Politics

Trump fires back at Puerto Rico mayor, accuses her of ‘poor leadership’


President Trump on Saturday defended his administration’s hurricane recovery effort in Puerto Rico and cast blame on San Juan Mayor Carmen Yulin Cruz who is criticizing the president’s effort to get supplies, electricity and other relief to the U.S. Island.

“Such poor leadership ability by the Mayor of San Juan, and others in Puerto Rico, who are not able to get their workers to help,” Trump said in a series of tweets. “They want everything to be done for them when it should be a community effort. 10,000 Federal workers now on Island doing a fantastic job.”

Trump pledged Friday to spare no effort to help Puerto Ricans recover from Hurricane Maria’s ruinous aftermath even as Cruz accused the administration of “killing us with the inefficiency.”

Cruz said she wanted to “make sure somebody is in charge that is up to the task of saving lives,” while the president asserted that U.S. officials and emergency personnel are working all-out against daunting odds, with “incredible” results.

Trump also tweeted Saturday: “The Mayor of San Juan, who was very complimentary only a few days ago, has now been told by the Democrats that you must be nasty to Trump.”

And he tweeted: “The military and first responders, despite no electric, roads, phones etc., have done an amazing job. Puerto Rico was totally destroyed,” and, “Fake News CNN and NBC are going out of their way to disparage our great First Responders as a way to “get Trump.” Not fair to FR or effort!”

Trump’s acting homeland security secretary, Elaine Duke, visited the island Friday, surveying the landscape by helicopter in an hour-long tour, driving past still-flooded streets, twisted billboards and roofs with gaping holes, and offering encouragement to some of the 10,000 emergency personnel she says the U.S. government has on the ground.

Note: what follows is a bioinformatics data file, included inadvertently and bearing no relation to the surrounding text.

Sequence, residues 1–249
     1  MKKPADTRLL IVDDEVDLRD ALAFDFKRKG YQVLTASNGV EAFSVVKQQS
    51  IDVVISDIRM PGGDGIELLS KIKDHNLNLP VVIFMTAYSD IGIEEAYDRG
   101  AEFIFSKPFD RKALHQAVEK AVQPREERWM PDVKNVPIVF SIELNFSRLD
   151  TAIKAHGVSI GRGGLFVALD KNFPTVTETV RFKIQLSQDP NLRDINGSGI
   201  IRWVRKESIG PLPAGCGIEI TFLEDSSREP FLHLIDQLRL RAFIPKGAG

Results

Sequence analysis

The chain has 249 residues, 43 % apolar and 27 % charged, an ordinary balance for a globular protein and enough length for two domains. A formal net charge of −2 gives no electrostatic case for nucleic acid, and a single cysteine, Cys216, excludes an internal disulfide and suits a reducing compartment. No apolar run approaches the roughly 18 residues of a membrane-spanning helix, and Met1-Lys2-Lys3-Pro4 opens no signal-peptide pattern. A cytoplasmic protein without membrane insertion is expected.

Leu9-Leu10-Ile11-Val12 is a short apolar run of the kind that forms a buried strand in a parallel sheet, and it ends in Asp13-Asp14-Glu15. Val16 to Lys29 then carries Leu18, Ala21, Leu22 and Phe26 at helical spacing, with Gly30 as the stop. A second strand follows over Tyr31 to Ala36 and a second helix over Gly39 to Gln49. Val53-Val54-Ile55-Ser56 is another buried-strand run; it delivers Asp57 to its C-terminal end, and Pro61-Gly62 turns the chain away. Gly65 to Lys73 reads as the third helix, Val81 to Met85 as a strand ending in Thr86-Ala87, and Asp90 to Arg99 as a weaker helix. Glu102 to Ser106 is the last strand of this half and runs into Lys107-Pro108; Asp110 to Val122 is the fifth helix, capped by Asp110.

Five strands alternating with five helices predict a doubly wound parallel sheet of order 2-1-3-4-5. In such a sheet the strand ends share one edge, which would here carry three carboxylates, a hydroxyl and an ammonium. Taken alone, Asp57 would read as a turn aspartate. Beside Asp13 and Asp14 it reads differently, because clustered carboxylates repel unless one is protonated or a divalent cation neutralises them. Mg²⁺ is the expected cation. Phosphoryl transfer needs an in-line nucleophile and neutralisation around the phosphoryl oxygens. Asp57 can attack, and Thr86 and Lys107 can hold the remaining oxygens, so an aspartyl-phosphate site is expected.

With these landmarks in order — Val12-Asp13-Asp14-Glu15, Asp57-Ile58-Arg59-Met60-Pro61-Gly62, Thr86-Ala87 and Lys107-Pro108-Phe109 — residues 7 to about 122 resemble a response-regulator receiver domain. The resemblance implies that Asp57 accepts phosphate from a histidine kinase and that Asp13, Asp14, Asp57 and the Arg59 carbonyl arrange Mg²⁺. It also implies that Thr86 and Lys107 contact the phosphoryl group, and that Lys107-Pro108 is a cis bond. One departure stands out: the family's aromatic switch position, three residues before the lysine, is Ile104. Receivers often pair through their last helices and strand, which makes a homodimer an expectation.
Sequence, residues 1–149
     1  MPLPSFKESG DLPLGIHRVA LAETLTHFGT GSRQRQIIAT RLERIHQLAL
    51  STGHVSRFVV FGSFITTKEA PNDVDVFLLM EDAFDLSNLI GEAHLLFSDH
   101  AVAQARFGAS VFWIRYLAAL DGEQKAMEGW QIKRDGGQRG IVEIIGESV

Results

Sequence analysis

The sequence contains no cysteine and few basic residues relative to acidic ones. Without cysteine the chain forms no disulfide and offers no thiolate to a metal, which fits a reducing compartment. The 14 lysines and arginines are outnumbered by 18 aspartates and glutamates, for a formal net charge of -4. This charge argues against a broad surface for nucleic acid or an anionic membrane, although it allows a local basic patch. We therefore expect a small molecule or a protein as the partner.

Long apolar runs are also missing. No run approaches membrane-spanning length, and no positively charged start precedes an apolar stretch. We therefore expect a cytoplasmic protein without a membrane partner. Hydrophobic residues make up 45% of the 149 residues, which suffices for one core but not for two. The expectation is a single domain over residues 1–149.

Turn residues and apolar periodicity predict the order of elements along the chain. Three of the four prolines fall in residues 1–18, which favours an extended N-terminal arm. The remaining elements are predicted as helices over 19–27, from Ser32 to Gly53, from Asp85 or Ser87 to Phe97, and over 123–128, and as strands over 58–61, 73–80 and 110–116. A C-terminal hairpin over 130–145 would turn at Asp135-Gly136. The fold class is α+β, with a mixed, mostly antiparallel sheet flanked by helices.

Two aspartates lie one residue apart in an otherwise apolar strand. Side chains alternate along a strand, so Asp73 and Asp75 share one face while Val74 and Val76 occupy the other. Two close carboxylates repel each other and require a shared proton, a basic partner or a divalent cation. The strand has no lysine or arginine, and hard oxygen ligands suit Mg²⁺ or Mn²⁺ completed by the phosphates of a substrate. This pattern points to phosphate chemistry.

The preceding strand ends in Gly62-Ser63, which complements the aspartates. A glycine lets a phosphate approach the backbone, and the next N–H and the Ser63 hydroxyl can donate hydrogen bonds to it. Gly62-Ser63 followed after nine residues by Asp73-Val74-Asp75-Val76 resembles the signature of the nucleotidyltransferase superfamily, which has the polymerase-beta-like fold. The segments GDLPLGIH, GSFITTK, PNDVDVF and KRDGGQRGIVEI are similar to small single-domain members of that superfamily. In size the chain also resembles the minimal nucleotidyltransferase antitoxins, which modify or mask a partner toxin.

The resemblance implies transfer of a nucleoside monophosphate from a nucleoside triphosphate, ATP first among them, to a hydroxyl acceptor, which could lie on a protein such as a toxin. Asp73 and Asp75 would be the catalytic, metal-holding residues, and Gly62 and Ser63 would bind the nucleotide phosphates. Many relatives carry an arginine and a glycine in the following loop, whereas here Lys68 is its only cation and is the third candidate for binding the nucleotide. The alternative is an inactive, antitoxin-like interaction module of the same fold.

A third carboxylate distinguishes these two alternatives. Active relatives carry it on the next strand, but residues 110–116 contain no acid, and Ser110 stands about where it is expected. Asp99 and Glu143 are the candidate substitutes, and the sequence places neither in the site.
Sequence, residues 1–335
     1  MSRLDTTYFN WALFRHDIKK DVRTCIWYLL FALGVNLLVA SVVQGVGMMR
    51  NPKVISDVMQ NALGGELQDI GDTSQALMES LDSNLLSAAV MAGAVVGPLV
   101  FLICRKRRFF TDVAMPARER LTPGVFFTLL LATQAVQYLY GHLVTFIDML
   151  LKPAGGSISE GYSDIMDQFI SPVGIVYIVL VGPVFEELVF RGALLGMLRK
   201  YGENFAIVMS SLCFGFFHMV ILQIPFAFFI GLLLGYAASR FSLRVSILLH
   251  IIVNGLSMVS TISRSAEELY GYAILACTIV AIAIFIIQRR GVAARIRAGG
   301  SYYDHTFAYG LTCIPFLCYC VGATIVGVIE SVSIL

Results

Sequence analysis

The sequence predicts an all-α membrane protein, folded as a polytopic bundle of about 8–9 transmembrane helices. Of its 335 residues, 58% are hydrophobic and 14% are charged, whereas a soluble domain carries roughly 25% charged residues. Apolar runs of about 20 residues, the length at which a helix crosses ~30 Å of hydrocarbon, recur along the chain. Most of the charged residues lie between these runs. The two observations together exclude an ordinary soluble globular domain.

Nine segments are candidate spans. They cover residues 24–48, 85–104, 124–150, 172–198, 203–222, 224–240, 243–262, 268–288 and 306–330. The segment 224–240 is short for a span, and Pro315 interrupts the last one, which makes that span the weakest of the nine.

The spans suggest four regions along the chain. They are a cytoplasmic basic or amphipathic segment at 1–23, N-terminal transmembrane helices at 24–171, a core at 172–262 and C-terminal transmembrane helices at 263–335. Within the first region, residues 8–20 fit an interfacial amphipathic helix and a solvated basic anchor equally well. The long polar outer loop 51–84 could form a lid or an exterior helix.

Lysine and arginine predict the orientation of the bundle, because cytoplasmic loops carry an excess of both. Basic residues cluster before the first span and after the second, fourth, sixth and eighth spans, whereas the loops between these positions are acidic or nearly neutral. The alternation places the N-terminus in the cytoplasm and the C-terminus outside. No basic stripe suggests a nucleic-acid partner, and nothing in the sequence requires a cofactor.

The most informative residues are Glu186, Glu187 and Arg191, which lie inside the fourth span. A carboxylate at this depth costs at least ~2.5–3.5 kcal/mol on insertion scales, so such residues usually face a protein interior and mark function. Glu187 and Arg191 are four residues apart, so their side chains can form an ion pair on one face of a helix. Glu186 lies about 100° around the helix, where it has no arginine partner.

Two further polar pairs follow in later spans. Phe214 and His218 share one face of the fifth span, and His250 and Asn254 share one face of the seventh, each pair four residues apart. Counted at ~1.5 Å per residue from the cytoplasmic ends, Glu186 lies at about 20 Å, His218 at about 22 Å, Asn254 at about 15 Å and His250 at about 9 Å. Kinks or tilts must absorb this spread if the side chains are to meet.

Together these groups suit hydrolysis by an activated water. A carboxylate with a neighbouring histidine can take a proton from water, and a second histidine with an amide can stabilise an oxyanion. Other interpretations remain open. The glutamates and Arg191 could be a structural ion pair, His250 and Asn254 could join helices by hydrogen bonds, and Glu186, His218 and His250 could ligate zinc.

On Thursday, the U.S. military named Lt. General Jeffrey Buchanan to oversee the response effort.

Trump is expected to survey the damage Tuesday.

Duke tried, too, to move on from the remarks she made a day earlier in which she called the federal relief effort a “good-news story.” But on that front, she ran into winds as fierce as Maria.

“We are dying, and you are killing us with the inefficiency,” Cruz said in a news conference. “I am begging, begging anyone that can hear us, to save us from dying.”

Thousands more Puerto Ricans got water and rationed food Friday as an aid bottleneck began to ease. By now, telecommunications are back for about 30 percent of the island, nearly half of the supermarkets have reopened at least for reduced hours and about 60 percent of the gas stations are pumping.

But many remain desperate for necessities, most urgently water, long after the Sept. 20 hurricane.

Trump said Puerto Rico is “totally unable” to handle the catastrophe on its own. “They are working so hard, but there’s nothing left,” he said. “It’s been wiped out.” He said the government is “fully engaged in the disaster and the response and recovery effort.”

Trump said he was not aware of Duke’s “good-news” remark.

“I haven’t heard what she said,” he told reporters. “I can tell you this: We have done an incredible job considering there’s absolutely nothing to work with.”

Yet even in voicing solidarity and sympathy with Puerto Rico, he drew attention again to the island’s pre-hurricane debt burden and infrastructure woes, leaving doubt how far Washington will go to make the U.S. territory whole.

“Ultimately the government of Puerto Rico will have…



Source link